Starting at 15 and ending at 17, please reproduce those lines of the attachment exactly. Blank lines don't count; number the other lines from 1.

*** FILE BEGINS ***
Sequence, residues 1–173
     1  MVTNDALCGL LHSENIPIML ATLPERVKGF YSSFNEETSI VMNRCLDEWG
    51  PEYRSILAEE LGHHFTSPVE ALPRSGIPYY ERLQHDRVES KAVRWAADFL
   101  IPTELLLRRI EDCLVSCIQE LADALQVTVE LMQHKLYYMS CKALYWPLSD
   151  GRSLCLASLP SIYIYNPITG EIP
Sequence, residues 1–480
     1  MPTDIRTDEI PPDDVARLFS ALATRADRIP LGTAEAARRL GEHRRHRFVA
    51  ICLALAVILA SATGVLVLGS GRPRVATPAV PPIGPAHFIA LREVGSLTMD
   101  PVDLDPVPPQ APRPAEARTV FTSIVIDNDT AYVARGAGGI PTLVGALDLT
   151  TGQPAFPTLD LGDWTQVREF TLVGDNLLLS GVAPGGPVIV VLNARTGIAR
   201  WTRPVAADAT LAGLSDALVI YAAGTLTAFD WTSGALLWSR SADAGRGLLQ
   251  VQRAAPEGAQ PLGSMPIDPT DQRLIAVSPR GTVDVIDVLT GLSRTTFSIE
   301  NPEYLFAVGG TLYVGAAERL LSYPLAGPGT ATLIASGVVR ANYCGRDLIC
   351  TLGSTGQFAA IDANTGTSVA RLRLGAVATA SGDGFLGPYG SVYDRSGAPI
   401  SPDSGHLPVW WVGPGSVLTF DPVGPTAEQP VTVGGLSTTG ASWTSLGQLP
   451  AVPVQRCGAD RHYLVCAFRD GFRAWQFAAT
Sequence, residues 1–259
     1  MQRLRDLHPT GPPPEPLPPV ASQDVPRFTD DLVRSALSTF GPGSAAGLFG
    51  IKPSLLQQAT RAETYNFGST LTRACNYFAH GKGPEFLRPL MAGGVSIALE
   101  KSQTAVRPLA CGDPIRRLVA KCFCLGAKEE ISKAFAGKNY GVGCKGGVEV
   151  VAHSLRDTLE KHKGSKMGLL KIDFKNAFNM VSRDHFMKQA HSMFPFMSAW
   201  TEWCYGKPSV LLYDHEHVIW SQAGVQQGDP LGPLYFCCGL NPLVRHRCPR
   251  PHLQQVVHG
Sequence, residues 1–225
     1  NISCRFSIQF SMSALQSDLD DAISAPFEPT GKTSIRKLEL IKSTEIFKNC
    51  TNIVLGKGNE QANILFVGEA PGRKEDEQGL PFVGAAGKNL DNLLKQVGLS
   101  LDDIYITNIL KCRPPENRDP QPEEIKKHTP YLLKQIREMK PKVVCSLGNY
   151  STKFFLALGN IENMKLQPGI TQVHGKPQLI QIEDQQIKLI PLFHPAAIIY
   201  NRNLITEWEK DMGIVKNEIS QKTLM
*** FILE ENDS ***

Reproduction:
   401  SPDSGHLPVW WVGPGSVLTF DPVGPTAEQP VTVGGLSTTG ASWTSLGQLP
   451  AVPVQRCGAD RHYLVCAFRD GFRAWQFAAT
Sequence, residues 1–259